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QUESTION: ... of return to flight. GEHMAN: That is correct. Exactly as we issued it. It's just--we put RTF after the recommendation. We only put it once in there, and there are four provisions to it. But, yes, we are sticking by our interim recommendation that you must develop before return to flight an on-orbit inspection and repair for both the TPS and the RCC. QUESTION: For the admiral or whoever would like to take it. You note in the report that managerial and organizational problems echo back to Challenger, that these same types of problems are still there and there are many parallels. And you also note that NASA has a history of not fixing that type of problem of getting back to business-as-usual after a short period of diligence after an accident. What do you think will happen if NASA neglects to or fails to fix their institutional problems as they exist today? GEHMAN: Well, NASA is an independent agency responsible to the Congress and to the administration. There is no Cabinet officer overseeing NASA. Therefore, the enforcement mechanism must come from those two branches of government. So we are putting a little bit of a burden here on both the Congress, the oversight committees and on the White House to put in some kind of a follow-on mechanism to make sure that these changes are implemented. And there's lots of ways to do it. You can establish review panels and blue ribbon panels and annual reports, and all that kind of good stuff, all of which we think should be done. But I don't believe that we should just trust NASA to do this. I think there needs to be some follow up. QUESTION: You talk about the cultural changes and the need for leadership to do that. Does that imply that there's a need for new leadership? And what's the role--the Rogers commission talked a lot about astronaut leadership. There's also a question of engineering skills at the top leadership level. How much of a change needs to be put at the very top leadership of NASA, especially when you say they're not the ones--they say they didn't see any schedule pressures. GEHMAN: We don't have any opinion, one way or another, about the individuals at the top leadership of NASA. We've gotten nothing but cooperation from NASA. We've heard all the right words from NASA leadership. But we, as a board, set a long time ago an internal rule that we were not going to try and chase the rabbit here. That is, as NASA changes and as they do things,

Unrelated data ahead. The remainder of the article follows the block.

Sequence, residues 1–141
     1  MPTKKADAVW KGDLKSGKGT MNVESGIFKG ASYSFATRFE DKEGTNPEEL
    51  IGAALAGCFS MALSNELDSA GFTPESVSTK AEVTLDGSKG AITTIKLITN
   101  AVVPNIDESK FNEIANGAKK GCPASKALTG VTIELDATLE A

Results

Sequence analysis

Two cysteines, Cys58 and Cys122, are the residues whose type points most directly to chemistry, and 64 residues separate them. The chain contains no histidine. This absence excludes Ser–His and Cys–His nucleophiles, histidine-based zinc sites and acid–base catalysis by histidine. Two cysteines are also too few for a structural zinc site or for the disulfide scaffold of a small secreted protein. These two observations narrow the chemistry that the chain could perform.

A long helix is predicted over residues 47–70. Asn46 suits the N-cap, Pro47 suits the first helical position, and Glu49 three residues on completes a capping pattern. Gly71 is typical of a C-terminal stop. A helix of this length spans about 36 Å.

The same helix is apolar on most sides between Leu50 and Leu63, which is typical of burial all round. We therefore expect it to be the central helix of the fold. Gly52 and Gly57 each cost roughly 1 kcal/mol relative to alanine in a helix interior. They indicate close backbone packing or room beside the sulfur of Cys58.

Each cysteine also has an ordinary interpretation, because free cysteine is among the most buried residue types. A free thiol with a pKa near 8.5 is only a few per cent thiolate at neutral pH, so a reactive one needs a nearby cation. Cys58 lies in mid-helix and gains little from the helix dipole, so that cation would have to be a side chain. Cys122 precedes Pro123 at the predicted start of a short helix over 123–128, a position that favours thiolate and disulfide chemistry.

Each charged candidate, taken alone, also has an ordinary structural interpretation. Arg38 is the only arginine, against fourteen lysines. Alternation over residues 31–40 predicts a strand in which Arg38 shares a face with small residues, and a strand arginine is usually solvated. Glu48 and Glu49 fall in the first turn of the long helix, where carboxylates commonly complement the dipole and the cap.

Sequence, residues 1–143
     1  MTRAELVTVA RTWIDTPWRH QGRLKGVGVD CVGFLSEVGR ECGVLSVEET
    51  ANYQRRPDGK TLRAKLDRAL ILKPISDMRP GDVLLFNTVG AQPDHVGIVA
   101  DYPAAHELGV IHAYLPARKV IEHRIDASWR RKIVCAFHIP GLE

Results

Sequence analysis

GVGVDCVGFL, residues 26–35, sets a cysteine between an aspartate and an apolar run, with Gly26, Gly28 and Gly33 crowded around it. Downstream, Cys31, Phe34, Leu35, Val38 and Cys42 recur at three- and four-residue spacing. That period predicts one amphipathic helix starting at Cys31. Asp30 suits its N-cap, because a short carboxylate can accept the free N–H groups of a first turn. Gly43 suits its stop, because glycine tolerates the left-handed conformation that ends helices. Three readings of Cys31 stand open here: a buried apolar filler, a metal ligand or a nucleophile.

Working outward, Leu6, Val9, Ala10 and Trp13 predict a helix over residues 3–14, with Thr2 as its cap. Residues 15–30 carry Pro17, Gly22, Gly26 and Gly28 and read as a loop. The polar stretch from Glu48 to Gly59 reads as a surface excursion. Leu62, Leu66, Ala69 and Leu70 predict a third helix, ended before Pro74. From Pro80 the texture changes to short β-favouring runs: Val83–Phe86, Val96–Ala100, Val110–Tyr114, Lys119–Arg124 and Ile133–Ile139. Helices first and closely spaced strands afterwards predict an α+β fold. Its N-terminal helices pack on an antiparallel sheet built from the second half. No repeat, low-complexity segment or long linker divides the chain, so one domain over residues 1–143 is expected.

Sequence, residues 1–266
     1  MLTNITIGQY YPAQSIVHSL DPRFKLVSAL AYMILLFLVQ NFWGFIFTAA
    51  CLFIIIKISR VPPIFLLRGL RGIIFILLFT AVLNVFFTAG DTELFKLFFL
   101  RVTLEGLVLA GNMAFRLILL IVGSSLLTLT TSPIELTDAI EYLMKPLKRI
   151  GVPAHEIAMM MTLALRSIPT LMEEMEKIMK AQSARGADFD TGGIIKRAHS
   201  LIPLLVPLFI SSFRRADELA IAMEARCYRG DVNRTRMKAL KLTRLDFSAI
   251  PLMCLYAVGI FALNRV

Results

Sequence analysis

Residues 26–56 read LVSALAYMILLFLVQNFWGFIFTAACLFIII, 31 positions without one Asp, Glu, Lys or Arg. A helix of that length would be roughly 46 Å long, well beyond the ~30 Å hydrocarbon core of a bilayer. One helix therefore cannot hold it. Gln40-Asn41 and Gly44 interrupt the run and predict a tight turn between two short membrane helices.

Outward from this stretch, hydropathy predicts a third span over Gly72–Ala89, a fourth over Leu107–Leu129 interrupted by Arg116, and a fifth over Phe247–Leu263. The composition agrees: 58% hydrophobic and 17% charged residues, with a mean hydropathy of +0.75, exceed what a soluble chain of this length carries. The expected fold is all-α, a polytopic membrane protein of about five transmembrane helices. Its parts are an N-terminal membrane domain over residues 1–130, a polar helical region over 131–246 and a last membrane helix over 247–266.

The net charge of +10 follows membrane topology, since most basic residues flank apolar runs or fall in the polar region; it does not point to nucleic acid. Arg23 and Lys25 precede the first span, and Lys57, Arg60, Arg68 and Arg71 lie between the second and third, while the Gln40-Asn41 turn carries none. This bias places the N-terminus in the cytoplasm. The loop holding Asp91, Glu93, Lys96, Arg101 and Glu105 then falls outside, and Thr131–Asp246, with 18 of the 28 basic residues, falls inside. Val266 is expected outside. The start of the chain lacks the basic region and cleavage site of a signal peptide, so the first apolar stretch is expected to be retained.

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we aren't going to be continuously trying to comment on the things that they've said or done or implemented. So as we like to say, ``T equals zero.'' T equals zero is 1 February for us, as we are reporting on this event as of the date and time of the crash. So I have no reason to believe that there is anything in this report that cannot be implemented by the leadership of NASA if they choose to do so. So I think it's more of a philosophical thing than a competency thing. QUESTION: And that segues, Admiral--segues right into the question that I had, and I'd like for you and maybe Mr. Wallace to answer this. And that is, yes, they can do these things if they do do. You guys believe in your heart of hearts that NASA will, in fact, be able to effect these kind of changes, because several places in the report you point out: We have no confidence. That other corrective actions will improve this. And changes we recommend will be difficult to accomplish, and they will be internally resisted by NASA. So I'm wanting a personal opinion from both of you, will they do these things? GEHMAN: We'll let Mr. Wallace go first. (LAUGHTER) WALLACE: My confidence is fairly high. I don't see that we draw--I mentally sort of can't draw a sharp line between some of the organizational changes and some of the cultural changes. WALLACE: I think they go hand in hand. So if you, you know--an empowered independent organization that owns the technical qualifications and requirements and the waiver authority, coupled with a really empowered safety organization, and we're talking about organizations which all have a final signature on the certificate of flight readiness, I think those--the evolution of that organization which then sort of takes the authority away, to some extent, from the program that's really got--trying to meet the schedule and build the thing. So I also think that the fact that this is the second loss and we've evaluated the accident in the historical context, including a very point-by-point comparison of the Challenger, a lesson we learned here is we got a--it didn't get fixed last time, there has to be a different approach now and I really think there will be. GEHMAN: I think it's fair even though we didn't write this down in our report to say that we find two problems in this area. The first problem is that NASA has-NASA management over the years--and over the years, due to external influences, as well as internal influences--has morphed its management structure